Wole Soyinka ponders the process of reconciliation in South Africa
This account of the work of South Africa's Truth and Reconciliation Commission is a debt that the commission owes itself, if only in order to make the rest of the world appreciate and be humbled by the sheer immensity of its task. It is one thing to think magnanimously, to defy post-conflict convention with a truly innovative approach to healing; it is another to muster the logistics and sensibilities required to tackle what amounts to an indaba for which there was no model, an intimidating concourse of witnesses, accusers, victims, questers, counsellors - legal, psychiatric and socio-political - a balancing act on a trampoline of trauma, ego, humiliation, guilt, defiance, denial, concealment, opportunism but above all, memory - managed by a highly motivated but amateur collection of humans in this uncharted field, no matter their expertise in individual disciplines and political adroitness.
Desmond Tutu is most forthcoming about what he considers weaknesses in the enabling laws, functioning and implementation of the commission. Some of Tutu's regrets are simply a case of demanding too much of the commission and the circumstances. Others are more troubling, such as the fact that transgressors walked free immediately after amnesty, while victims had to wait longer for due reparations. Also the commission's inability to subpoena members of the judiciary, which had overwhelmingly functioned as a pillar of the apartheid edifice, lending it legality and thus becoming accessories to crimes against humanity. It is this same judiciary, demonstrably not absolutely reformed, that is charged with the final word in granting or rejecting the decisions of the committee on amnesty, a crucial instrument of the commission.
Despite these shortcomings, however, let us consider the numbing achievement - the excavation of long-interred truth, of the horrors of a past that, but for this process, would have remained permanently interred. When confronted with the sheer figure of over 20,000 statements, and 7,000 applications for amnesty, some of which account individually for multiple crimes, it becomes possible to imagine the sheer criminal deadweight of apartheid on the South African majority and its debasement of the human psyche. Just what species of humanity passed before the patient lenses of these would-be healers of society? Easy to quip: the good, the bad and the ugly. But such an easy dismissal would fail to win the approval of Tutu, for whom the potential for good and evil exists in all humanity. More troubling is his forgiveness theology, even though he does sound the occasional reassuring note for the demurring secularist: "In forgiving, people are not being asked to forget. On the contrary, it is important to remember, so that we should not let such atrocities happen again. Forgiveness does not mean condoning what has been done. It means... drawing out the sting in the memory that threatens to poison our existence." He continues: "It involves trying to understand the perpetrators and so to have empathy, to try to stand in their shoes, and to appreciate the sort of pressures and influences that might have brought them to do what they did." But yet again, the reassuring insistence on an essential preamble to genuine contrition: restitution. "If someone steals my pen and then asks me to forgive him, unless he returns my pen the sincerity of his contrition and confession will be considered to be nil."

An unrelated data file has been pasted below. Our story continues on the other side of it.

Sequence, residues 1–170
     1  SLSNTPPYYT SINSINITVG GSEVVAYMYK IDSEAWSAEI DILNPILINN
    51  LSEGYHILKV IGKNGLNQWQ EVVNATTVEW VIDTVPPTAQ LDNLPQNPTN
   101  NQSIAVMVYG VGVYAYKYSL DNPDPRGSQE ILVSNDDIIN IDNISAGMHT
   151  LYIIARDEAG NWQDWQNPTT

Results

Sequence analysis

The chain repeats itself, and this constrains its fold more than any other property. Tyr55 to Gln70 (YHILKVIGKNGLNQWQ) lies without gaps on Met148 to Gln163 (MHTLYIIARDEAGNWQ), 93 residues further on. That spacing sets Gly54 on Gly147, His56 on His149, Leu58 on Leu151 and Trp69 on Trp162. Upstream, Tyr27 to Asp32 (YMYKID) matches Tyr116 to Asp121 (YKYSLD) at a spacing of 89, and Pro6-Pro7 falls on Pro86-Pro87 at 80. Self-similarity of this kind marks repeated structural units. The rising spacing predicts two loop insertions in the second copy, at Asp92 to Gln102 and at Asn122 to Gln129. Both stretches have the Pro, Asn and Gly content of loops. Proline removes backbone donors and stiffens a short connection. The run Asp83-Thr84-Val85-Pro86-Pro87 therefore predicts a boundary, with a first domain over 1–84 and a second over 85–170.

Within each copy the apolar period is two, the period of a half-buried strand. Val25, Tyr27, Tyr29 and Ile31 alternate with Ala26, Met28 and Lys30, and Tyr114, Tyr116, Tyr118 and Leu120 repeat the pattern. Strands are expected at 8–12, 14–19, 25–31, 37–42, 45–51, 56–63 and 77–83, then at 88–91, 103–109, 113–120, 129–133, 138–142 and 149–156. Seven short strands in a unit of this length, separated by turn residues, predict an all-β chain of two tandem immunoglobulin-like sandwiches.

Tutu invokes ubuntu to temper such concessions to the imperative of restitution. He defines ubuntu variously as the spirit of sharing; being caught up inextricably in the bundle of humanity of others; being open to and available to others; affirming rather than feeling threatened that others are able or good; the ability to feel diminished when others are humiliated or diminished. Ubuntu speaks, he says, of "the very essence of being human". This ties up with his implicit injunction that those responsible for the horrendous deeds of apartheid be not regarded as "monsters, not deserving to be considered as human beings any longer". Ubuntu logic goes even further, asserting that "even the supporters of apartheid were victims of the vicious system that they implemented and that they supported so enthusiastically", and effectively enjoins us to empathise with the "perpetrator of apartheid's atrocities" since their humanity was "bound up in that of his victim whether he liked it or not. In the process of dehumanising another," professes Tutu, "the perpetrator was inexorably being dehumanised." In confronting no matter what hideous crimes, ubuntu and Christian theology meet and fuse in the dictum "There but for the grace of God, go I".